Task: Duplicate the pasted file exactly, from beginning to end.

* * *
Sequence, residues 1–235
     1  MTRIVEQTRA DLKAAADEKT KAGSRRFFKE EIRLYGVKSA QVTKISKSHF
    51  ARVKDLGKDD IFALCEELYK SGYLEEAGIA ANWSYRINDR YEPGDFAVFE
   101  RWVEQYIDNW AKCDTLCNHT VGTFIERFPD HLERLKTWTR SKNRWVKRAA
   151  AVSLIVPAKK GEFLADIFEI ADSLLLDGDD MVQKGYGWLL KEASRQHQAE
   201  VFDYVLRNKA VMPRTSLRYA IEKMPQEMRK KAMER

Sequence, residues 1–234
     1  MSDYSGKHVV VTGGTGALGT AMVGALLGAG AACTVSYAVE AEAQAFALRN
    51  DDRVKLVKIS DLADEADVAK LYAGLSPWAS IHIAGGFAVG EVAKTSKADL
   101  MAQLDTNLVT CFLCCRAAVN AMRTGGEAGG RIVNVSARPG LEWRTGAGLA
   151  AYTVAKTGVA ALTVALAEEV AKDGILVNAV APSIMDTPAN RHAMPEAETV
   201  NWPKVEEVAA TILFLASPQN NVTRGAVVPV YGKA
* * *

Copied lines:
Sequence, residues 1–235
     1  MTRIVEQTRA DLKAAADEKT KAGSRRFFKE EIRLYGVKSA QVTKISKSHF
    51  ARVKDLGKDD IFALCEELYK SGYLEEAGIA ANWSYRINDR YEPGDFAVFE
   101  RWVEQYIDNW AKCDTLCNHT VGTFIERFPD HLERLKTWTR SKNRWVKRAA
   151  AVSLIVPAKK GEFLADIFEI ADSLLLDGDD MVQKGYGWLL KEASRQHQAE
   201  VFDYVLRNKA VMPRTSLRYA IEKMPQEMRK KAMER

Sequence, residues 1–234
     1  MSDYSGKHVV VTGGTGALGT AMVGALLGAG AACTVSYAVE AEAQAFALRN
    51  DDRVKLVKIS DLADEADVAK LYAGLSPWAS IHIAGGFAVG EVAKTSKADL
   101  MAQLDTNLVT CFLCCRAAVN AMRTGGEAGG RIVNVSARPG LEWRTGAGLA
   151  AYTVAKTGVA ALTVALAEEV AKDGILVNAV APSIMDTPAN RHAMPEAETV
   201  NWPKVEEVAA TILFLASPQN NVTRGAVVPV YGKA